From 2000 to 2018, CO2 emissions from the U.S. power sector decreased by 24%. This is primarily attributed to increased use of natural gas for electricity, as gas-fired plants emit roughly half the CO2 per megawatt-hour of coal burning plants. In a novel analysis, Shearer et al.  examine the long-term implications of the natural gas boom from the perspective of “committed emissions”—the cumulative future CO2 emissions from fossil fuel energy infrastructure assuming average lifetimes and utilization rates. They find that the relative decrease in committed emissions is much smaller than the decrease in annual emissions, due to the rapid increase in newer gas-fired power plants. Methane leakage would further reduce this offset. If operated as historically, currently operating coal and gas plants are incompatible with U.S. pledges under the Paris climate agreement, requiring a substantial reduction in the capacity and/or lifetime of these plants—even if no new fossil capacity is added.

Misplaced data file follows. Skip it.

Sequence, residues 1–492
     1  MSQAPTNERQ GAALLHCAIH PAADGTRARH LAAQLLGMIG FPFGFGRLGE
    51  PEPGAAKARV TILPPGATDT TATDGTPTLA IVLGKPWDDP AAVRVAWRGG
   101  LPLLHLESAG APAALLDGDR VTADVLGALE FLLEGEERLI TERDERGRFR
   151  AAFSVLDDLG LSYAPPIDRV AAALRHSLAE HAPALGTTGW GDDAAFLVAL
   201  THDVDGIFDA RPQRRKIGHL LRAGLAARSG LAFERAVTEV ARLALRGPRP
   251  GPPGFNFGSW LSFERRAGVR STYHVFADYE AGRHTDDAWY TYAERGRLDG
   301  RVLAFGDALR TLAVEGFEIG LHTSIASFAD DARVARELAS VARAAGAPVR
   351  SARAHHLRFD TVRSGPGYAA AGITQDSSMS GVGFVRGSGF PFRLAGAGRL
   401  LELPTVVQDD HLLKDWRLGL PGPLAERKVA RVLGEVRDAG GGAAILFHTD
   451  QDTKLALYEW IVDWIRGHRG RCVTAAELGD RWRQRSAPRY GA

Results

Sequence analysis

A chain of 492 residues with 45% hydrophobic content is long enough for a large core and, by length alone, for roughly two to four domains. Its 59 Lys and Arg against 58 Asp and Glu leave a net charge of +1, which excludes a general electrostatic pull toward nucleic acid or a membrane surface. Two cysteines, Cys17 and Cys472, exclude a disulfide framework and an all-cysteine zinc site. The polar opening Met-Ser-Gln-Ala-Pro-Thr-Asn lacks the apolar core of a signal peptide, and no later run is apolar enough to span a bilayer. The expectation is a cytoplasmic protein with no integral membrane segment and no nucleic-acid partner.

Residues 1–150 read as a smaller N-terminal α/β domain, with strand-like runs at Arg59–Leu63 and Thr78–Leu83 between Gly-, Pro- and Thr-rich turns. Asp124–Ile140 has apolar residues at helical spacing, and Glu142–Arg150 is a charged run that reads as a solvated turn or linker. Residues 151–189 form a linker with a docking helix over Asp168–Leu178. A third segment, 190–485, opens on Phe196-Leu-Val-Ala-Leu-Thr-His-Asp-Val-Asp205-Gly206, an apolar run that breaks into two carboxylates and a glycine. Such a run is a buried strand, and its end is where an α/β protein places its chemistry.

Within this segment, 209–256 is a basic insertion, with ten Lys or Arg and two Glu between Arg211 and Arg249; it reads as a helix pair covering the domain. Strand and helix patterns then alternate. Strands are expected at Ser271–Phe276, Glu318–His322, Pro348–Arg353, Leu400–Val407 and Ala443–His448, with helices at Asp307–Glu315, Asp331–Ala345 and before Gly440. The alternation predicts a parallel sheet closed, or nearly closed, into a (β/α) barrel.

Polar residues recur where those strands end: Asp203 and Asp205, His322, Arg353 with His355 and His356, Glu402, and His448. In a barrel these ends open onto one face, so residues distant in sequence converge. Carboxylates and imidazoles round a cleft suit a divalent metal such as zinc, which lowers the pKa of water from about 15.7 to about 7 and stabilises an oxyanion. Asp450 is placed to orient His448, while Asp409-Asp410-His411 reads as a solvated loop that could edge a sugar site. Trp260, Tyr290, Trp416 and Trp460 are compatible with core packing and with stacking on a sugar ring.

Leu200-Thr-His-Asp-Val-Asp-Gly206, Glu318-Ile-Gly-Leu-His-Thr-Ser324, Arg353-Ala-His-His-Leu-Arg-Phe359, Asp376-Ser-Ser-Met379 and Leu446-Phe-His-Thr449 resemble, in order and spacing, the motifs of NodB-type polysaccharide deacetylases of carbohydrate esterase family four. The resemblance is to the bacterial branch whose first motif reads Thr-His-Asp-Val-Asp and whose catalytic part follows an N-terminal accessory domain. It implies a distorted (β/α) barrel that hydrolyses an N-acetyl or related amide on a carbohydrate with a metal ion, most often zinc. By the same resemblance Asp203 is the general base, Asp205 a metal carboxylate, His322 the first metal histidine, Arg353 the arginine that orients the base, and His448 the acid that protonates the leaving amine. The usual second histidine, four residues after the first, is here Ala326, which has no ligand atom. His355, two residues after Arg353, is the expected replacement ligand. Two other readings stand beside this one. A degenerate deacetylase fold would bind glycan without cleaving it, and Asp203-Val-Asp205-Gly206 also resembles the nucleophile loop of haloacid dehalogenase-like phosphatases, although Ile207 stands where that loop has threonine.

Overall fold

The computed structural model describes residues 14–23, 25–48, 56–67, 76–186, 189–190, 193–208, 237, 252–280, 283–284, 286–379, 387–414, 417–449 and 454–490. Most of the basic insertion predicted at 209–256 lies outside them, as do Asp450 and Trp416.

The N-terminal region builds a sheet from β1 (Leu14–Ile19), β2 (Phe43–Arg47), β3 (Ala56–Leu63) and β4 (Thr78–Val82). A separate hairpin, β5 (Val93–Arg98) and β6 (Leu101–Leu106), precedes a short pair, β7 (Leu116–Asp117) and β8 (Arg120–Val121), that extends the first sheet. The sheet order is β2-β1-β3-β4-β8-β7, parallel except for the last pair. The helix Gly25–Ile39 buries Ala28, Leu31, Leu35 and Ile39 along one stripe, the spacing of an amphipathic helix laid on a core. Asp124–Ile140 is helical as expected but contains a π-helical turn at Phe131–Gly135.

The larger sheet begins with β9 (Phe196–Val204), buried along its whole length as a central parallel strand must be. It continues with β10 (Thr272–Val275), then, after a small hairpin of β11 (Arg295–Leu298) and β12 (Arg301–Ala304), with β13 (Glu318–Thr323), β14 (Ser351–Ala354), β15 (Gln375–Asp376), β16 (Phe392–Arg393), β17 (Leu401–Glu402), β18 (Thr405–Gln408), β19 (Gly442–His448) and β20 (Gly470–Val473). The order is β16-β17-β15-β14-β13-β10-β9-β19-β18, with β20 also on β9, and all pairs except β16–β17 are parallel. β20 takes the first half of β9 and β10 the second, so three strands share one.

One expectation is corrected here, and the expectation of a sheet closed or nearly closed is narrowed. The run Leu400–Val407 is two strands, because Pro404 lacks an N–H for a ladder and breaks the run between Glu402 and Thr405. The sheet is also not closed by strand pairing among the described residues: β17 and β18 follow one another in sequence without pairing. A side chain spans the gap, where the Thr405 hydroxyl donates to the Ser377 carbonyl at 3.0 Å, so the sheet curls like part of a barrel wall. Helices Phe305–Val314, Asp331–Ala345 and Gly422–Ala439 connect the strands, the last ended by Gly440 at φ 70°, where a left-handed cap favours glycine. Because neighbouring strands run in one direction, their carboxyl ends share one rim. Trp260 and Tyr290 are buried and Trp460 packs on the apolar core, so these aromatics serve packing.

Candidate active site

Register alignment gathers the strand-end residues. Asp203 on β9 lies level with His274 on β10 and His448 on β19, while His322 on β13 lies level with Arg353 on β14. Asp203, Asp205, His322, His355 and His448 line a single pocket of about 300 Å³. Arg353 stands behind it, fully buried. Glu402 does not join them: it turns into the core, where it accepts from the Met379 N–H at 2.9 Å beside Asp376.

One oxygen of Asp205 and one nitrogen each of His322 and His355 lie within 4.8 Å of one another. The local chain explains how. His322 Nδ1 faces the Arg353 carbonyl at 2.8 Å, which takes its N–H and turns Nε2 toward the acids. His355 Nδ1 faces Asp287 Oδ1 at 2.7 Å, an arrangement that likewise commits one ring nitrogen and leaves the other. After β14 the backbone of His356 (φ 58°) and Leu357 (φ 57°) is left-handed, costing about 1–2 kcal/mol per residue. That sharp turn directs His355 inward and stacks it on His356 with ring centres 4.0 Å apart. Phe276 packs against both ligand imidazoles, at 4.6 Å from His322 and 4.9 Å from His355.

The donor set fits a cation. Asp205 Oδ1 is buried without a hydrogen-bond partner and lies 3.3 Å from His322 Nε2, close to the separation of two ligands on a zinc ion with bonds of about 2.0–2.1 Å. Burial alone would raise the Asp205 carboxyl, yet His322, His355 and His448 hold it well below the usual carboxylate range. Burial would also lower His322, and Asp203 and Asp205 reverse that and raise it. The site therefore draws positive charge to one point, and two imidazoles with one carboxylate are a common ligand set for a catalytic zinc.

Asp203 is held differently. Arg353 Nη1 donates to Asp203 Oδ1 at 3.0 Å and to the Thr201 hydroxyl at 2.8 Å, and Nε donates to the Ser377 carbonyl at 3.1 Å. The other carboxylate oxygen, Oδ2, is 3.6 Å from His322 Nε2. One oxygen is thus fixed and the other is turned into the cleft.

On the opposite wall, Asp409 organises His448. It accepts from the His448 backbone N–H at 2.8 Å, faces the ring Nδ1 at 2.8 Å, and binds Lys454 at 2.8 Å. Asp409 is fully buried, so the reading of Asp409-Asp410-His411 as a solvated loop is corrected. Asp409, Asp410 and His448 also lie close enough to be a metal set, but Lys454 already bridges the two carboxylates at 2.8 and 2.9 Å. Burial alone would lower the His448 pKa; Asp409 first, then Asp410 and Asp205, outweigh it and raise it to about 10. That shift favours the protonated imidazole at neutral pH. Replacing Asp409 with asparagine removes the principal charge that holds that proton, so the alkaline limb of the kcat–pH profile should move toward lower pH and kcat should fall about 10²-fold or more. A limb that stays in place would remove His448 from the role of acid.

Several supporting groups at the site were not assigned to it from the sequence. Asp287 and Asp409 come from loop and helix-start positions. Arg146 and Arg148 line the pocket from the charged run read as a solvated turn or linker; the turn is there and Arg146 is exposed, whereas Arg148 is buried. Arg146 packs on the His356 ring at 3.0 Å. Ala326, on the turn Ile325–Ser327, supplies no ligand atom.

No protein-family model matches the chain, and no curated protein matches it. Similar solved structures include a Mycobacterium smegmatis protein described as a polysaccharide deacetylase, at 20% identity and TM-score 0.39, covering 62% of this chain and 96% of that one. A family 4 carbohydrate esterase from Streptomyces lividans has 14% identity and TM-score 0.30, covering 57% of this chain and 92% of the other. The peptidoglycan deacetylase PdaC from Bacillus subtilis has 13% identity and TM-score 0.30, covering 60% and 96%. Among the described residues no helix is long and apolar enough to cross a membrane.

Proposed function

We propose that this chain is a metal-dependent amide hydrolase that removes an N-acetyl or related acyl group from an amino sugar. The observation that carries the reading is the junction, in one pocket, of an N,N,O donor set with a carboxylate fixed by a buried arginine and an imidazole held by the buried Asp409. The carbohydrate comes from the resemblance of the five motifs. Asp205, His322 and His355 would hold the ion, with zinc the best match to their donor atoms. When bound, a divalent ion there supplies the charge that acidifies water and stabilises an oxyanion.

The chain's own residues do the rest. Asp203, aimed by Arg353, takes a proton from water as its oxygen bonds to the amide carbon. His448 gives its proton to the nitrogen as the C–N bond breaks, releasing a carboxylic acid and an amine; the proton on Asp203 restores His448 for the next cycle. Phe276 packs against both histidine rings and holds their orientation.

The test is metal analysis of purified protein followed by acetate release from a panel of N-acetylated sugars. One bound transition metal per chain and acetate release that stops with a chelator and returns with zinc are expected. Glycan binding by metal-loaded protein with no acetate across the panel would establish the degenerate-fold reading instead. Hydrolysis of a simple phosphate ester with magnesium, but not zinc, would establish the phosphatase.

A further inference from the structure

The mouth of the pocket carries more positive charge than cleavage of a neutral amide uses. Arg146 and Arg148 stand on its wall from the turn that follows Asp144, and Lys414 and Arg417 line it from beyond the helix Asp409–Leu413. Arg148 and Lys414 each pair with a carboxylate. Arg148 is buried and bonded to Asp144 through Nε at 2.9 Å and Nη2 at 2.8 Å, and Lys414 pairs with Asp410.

Citation: Shearer, C., Tong, D., Fofrich, R., & Davis, S. J. . Committed emissions of the U.S. natural gas boom. AGU Advances, 1, 2020AV000162. https://doi.org/10.1029/2020AV000162
—Don Wuebbles, Editor, AGU Advances